WASHINGTON – Venturing into a new priority, Senate Republicans are quickly compiling a package of policing changes after George Floyd's death that would create a national database of use-of-force incidents, encourage police body cameras and include a long-stalled effort to make lynching a federal hate crime.
The burst of political energy reflects how swiftly the national conversation over police and racial injustice is upturning business as usual in Washington. The emerging GOP bill doesn’t go as far as a sweeping new Democratic package, but it includes several similar provisions. What's unclear is if President Donald Trump will back any of the proposed changes.
Senate Majority Leader Mitch McConnell, whose home state of Kentucky faces unrest over the police shooting of Breonna Taylor, indicated Thursday the legislation would be ready soon.
“The killing of black Americans like George Floyd and Breonna Taylor have accelerated important conversations,” McConnell said as he opened the Senate.
The party that has long favored a “law and order” approach — seen in Trump's reaction to the nationwide demonstrations over Floyd's death — finds itself trying to adapt to a fast-changing national dialogue on police and race as the Black Lives Matter movement gains worldwide prominence.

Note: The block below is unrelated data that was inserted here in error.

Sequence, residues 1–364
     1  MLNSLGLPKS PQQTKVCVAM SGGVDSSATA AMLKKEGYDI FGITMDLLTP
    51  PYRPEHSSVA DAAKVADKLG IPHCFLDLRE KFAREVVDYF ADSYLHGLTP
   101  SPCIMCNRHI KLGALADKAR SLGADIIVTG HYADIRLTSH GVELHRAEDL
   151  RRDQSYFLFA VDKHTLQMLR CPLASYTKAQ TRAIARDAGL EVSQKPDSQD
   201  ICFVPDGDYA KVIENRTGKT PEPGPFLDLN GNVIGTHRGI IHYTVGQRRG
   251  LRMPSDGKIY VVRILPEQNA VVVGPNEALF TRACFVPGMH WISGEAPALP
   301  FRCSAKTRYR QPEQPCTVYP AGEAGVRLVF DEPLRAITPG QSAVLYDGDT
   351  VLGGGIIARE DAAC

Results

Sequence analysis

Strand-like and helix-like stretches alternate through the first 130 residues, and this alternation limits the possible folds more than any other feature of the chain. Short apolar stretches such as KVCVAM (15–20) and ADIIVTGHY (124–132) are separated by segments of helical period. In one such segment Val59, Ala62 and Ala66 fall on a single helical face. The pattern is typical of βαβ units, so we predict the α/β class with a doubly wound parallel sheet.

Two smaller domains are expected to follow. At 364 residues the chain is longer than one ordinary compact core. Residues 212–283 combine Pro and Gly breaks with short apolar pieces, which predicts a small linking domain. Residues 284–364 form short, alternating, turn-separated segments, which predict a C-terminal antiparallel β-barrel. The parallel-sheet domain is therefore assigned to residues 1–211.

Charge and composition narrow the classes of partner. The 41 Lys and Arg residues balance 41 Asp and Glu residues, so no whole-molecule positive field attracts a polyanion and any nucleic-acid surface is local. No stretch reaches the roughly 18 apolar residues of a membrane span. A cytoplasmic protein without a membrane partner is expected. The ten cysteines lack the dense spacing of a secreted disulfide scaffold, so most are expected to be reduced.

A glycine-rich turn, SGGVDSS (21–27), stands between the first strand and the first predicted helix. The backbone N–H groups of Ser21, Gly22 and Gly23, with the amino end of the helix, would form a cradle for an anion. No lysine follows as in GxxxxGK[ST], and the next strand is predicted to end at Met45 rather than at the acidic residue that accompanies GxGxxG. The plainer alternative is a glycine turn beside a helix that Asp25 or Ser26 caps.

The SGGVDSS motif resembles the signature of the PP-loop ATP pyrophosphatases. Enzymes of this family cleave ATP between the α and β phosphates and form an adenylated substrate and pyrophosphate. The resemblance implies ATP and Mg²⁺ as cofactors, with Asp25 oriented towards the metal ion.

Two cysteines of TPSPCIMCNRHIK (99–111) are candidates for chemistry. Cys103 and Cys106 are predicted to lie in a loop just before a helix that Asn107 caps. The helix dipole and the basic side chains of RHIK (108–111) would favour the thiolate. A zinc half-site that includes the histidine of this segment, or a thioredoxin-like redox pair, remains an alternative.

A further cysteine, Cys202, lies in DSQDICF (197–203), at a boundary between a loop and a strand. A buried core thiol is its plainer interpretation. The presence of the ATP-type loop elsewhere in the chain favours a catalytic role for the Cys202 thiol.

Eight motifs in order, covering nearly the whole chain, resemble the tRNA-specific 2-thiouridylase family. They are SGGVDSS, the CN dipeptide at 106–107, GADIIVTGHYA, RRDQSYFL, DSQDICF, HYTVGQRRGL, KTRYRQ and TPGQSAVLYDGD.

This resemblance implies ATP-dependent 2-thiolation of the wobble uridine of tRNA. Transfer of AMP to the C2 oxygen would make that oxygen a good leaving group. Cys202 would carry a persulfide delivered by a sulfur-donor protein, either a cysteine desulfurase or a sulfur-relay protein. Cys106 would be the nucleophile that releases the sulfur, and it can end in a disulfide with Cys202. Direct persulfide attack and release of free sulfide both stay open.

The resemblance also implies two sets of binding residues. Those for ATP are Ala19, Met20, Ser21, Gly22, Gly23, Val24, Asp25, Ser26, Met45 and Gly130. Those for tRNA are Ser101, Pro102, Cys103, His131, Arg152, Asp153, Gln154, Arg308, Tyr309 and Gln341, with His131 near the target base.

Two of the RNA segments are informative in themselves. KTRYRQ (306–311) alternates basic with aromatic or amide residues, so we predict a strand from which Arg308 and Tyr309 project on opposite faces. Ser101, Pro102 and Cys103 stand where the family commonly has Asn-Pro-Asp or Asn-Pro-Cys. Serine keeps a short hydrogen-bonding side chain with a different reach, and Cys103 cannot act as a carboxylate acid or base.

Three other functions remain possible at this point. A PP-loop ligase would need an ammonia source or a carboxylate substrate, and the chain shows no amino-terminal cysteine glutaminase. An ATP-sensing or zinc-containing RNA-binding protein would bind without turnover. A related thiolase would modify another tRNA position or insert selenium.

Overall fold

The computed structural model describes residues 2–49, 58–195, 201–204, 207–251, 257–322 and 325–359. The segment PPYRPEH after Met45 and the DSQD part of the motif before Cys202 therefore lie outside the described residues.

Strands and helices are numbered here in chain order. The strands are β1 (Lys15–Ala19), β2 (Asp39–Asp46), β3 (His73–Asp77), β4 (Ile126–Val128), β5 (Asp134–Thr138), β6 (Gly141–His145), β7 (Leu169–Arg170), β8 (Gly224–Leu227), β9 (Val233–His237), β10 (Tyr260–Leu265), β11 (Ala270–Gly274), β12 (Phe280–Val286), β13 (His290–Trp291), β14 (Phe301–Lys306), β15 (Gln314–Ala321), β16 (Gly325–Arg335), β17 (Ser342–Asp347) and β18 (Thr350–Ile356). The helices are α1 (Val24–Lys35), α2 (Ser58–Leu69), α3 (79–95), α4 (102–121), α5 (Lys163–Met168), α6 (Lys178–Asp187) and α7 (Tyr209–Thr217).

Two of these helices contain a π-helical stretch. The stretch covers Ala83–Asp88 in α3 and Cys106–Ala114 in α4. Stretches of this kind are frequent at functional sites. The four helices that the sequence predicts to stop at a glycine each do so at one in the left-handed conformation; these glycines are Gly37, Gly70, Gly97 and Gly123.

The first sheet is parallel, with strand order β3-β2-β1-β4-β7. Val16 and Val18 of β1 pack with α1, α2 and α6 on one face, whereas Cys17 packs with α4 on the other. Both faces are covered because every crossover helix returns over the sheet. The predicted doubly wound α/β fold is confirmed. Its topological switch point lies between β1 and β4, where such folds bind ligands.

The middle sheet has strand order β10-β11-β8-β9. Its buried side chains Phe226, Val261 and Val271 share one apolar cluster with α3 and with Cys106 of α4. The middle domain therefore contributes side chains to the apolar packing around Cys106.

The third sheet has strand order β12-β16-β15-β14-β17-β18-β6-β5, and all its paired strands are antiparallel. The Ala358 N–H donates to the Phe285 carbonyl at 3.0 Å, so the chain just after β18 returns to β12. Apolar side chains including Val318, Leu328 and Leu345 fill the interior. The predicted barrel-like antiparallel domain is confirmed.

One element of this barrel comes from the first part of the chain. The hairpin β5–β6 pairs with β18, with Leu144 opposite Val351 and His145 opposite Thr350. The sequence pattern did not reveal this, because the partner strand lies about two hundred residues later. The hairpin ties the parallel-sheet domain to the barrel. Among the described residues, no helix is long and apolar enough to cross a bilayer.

"This is an issue whose time has come," Sen. Tim Scott, R-S.C., the GOP's only black senator, said Thursday on the “Today” show.
A group of GOP senators led by Scott is meeting behind closed doors and with the White House on the legislation. Despite a push to produce a package this week, the deadline is slipping as details are being compiled. It is expected to be released early next week, according to a senior GOP aide unauthorized to discuss the situation and granted anonymity.
Central to the package will be a new national database of use-of-force incidents, similar to one included in the Democratic bill. It's a concept both parties support as a way to track potential police misconduct and ensure officers cannot simply transfer from one department to another without public disclosure of their records.